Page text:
Logo PTB
Symbolbild "News"

The PTB organized the successful TEMPERATURE '98 Conference


The TEMPERATURE '98 Conference took place in Berlin on February 16 and 17, 1998. It was organized by the Physikalisch-Technische Bundesanstalt (PTB) in cooperation with the VDI/VDI - Gesellschaft für Meß- und Automatisierungstechnik (GMA, Association for Measuring and Automation Technology). The PTB chaired the conference and ensured the local organization.

In the field of process measuring technology alone, temperature sensors account for about 20% of all sensor types used and world-wide realize an annual production volume of approx. 1,8 billion German marks.

The TEMPERATURE '98 Conference is the only meeting in Germany to present and discuss in detail the different methods of temperature measurement. The 250 participants from industry (both manufacturers and users of temperature measuring instruments), calibration laboratories and verification authorities as well as from universities and research organizations contributed to very fruitful discussions being held which were aimed in particular at improving the measurement capabilities and accuracies attainable in temperature determination. This was also the prevailing subject of the contributions made in the discussions following the well attended lectures.

The meeting offered an almost complete survey of the capabilities existing in Germany for the traceable calibration of temperature measuring instruments, and of the measurement uncertainties achievable. It is typical of the high level of temperature measurement that at highest accuracy the sensor is no longer the only limiting element and that traceable calibration of the electrical measuring means must also be analyzed to an ever increasing extent. The procedures required for this purpose - both for AC resistance measuring bridges and for DC measuring instruments - were the subject of various contributions. Some of the procedures presented were relatively new even for the experts participating in the conference. This is true above all for the space-resolving methods on the basis of Raman backscattering of laser pulses in glass-fibre cables and temperature measurements with surface-wave radio sensors.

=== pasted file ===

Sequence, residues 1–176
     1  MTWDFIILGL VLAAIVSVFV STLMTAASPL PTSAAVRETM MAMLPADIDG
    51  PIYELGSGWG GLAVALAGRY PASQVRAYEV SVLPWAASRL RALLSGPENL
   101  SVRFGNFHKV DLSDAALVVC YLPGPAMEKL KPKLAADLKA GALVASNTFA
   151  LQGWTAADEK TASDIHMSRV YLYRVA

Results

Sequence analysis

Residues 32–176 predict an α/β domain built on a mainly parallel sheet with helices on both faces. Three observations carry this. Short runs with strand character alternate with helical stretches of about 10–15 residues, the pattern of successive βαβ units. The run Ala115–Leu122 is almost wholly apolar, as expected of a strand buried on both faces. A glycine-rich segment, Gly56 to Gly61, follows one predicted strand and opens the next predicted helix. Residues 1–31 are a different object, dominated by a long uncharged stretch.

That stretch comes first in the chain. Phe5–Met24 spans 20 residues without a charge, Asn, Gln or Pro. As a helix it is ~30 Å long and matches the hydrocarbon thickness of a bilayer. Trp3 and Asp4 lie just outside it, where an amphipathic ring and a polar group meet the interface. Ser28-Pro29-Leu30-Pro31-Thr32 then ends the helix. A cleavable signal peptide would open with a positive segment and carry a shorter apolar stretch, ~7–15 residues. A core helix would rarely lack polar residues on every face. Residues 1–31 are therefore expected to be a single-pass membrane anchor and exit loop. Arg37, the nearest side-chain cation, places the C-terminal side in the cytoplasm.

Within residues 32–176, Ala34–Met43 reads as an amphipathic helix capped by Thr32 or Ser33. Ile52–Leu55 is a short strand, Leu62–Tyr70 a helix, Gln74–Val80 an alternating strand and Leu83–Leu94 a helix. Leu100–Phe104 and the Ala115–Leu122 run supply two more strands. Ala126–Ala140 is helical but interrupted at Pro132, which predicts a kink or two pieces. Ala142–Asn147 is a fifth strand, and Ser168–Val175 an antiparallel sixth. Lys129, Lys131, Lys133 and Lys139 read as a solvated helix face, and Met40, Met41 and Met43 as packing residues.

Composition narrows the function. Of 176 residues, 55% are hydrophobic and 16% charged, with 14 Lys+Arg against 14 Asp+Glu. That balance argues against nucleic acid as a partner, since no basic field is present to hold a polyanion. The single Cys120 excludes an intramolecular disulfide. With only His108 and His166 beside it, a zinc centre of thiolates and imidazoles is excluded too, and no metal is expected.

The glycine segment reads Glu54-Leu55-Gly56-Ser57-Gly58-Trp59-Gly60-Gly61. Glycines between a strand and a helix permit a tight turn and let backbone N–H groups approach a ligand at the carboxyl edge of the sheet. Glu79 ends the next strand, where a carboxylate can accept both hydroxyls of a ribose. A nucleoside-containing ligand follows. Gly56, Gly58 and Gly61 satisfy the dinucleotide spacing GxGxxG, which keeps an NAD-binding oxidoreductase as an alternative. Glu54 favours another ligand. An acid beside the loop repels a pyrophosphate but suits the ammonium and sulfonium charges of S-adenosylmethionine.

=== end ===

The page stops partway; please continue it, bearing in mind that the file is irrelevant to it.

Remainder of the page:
The development of new sensors definitely tends towards increasing miniaturization, up to micro-system engineering in the production of both contact sensors and non-contact measuring systems.

Particularly impressive was the broad spectrum of contributions dealing with radiation thermometry and space-resolving thermography which are meanwhile used in many fields where no reliable results can be obtained with contact thermometers. Practice-related temperature measurement methods are, however, to an increasing extent also developed with contact thermometers. This was shown by the contributions dealing with the determination of the surface temperature or the development of ultra-short temperature sensors for heat meters. On the whole, the conference offered a rather comprehensive survey of the present state of temperature measurement. The presentation of instruments by almost all German manufacturers or sellers of high-precision temperature measuring instruments and equipment proved to be another very good aspect of the conference.

It is planned to repeat the temperature conference every three years. The next meeting will probably again be held in Berlin in February 2001 and organized by the PTB.